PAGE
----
}

These are the main dependencies for Angular 4. Now You can npm install and then npm start to run the application. For reference my package.json.

Angular setup from github project

Before starting this step make sure you have git installed in your machine. Open your terminal and clone the angular4-boilerplate using below command:

git@github.com:CypherTree/angular4-boilerplate.git

Then install all dependencies and run it.

npm install

npm start

And you are done with the Angular 4 setup. All the steps are very straightforward so you can opt any of them.

Directory Structure of the angular4-boilerplate

Angular4-boilerplate
-karma
-node_modules
-src
   -mocks
   -models
      -loginform.ts
      -index.ts
   -modules
      -app
        -app.component.ts
     -app.component.html
      -login
    -login.component.ts
    -login.component.html
    -login.component.css
      -widget
     -widget.component.ts
     -widget.component.html
     -widget.component.css
    ........    
   -services
       -login.service.ts
    -rest.service.ts
   -app.routing.module.ts
   -app.module.ts
   -bootstrap.ts
   -index.html
   -vendor.ts
-typings
-webpack
-package.json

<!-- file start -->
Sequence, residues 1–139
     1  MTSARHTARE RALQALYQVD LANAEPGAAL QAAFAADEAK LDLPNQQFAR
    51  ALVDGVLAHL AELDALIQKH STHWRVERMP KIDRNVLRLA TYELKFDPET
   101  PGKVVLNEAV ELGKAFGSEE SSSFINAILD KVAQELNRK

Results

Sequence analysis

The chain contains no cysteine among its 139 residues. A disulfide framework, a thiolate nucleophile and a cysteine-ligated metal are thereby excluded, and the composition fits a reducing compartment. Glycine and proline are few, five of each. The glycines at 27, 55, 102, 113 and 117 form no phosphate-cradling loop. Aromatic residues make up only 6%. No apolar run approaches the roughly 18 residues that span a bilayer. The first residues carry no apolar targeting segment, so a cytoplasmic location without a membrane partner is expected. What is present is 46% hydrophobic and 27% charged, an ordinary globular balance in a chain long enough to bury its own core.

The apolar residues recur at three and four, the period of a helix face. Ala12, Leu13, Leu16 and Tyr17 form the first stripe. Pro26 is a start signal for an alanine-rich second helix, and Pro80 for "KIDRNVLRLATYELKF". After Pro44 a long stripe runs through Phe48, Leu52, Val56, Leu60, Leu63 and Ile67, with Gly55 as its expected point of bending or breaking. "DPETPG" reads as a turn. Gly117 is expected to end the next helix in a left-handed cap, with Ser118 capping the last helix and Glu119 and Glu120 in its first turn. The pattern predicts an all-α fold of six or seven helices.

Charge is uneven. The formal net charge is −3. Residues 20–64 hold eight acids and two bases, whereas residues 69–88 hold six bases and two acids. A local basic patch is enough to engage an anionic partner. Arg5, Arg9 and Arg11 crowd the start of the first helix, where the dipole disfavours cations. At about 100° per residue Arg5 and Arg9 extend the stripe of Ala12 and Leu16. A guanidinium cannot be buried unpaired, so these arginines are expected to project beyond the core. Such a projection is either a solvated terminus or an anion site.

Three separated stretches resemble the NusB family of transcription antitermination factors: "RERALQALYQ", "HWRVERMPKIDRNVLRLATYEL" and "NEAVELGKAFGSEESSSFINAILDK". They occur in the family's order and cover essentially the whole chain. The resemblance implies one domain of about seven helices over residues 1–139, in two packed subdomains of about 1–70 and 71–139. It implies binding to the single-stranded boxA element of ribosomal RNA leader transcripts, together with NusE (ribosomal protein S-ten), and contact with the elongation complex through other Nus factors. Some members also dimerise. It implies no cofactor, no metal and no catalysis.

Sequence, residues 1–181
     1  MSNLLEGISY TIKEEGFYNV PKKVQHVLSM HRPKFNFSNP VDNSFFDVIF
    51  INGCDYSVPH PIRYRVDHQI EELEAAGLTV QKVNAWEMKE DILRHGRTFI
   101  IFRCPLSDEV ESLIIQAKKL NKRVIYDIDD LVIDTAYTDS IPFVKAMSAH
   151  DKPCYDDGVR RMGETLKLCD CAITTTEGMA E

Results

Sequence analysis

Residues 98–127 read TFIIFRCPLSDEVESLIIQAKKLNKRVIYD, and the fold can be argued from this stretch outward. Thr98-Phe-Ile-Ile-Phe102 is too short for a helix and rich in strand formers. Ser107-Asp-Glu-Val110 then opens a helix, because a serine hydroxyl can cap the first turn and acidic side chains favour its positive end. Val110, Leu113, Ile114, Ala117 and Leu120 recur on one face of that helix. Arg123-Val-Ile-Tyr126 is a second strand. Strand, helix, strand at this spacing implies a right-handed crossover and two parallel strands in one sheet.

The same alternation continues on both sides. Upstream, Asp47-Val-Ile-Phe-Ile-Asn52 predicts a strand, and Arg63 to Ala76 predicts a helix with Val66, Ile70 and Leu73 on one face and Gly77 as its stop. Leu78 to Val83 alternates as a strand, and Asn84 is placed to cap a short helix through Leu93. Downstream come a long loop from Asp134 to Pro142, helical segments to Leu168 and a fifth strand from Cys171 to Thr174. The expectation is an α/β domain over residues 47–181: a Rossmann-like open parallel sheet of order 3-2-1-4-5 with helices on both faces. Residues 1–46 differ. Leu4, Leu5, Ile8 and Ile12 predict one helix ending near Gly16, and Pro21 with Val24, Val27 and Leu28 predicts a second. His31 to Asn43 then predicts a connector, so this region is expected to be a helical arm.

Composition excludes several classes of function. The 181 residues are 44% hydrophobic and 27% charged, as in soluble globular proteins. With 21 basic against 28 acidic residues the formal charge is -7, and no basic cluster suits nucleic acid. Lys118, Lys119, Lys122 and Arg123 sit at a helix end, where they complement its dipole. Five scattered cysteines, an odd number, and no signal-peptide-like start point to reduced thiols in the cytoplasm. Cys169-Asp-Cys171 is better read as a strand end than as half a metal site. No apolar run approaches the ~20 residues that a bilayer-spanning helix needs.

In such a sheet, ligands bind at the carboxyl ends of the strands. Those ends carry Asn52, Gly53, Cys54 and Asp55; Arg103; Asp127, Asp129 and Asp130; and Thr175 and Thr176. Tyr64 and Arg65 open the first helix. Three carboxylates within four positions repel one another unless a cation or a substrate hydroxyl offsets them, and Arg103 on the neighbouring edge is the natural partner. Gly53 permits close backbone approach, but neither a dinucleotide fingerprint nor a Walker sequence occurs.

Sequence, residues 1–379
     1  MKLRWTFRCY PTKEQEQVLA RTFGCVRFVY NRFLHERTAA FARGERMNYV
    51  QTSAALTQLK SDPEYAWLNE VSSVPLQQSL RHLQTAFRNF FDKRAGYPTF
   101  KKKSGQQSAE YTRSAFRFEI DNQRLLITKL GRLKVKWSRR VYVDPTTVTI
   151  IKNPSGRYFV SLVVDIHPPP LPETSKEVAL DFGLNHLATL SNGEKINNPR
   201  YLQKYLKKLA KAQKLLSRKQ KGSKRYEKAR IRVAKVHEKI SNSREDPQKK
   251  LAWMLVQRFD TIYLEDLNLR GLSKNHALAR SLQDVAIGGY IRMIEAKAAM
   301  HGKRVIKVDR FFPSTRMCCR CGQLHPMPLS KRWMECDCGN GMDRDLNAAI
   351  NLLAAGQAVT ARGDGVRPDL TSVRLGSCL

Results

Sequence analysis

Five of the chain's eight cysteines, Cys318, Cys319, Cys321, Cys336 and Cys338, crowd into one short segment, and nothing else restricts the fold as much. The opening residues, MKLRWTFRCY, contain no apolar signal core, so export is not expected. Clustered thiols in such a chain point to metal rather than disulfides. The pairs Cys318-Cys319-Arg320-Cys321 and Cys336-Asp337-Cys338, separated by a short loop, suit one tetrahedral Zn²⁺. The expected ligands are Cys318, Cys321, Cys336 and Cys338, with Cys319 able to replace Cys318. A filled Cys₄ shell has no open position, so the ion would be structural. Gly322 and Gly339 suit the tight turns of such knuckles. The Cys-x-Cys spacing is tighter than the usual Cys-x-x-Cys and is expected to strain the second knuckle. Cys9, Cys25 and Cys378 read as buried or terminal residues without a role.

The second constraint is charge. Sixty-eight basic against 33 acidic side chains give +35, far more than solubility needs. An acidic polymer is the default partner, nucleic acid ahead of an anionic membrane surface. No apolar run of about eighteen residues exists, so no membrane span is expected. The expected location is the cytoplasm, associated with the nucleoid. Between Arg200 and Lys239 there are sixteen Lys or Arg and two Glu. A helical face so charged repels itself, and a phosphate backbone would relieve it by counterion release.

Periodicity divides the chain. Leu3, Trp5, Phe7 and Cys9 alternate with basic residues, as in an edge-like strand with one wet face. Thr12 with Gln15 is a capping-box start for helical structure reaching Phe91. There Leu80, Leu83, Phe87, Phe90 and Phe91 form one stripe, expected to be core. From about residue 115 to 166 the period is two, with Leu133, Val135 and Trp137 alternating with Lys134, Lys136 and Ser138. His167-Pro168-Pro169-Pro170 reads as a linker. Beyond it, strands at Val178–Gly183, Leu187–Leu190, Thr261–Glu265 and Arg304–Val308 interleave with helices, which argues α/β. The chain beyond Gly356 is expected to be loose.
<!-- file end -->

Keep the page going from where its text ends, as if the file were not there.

-tsconfig.json
-tslint.json
-typings.json 

Basic understanding for Directory structure:

All the code resides in src folder.

mocks folder is for mock data that is used in testing purpose.

model folder contains the class and interface that used in component.

modules folder contains list of components such as app, login, widget etc. All component contains typescript, html and css file. index.ts is for exporting all the class.

services folder contains list of services used in application. I have separated rest service and different component service. In rest service contains different http methods. Login service works as mediator between login component and rest service.

app.routing.ts file describes all possible routes for the application.

app.module.ts describes app module as root component.

bootstrap.ts will run the whole application.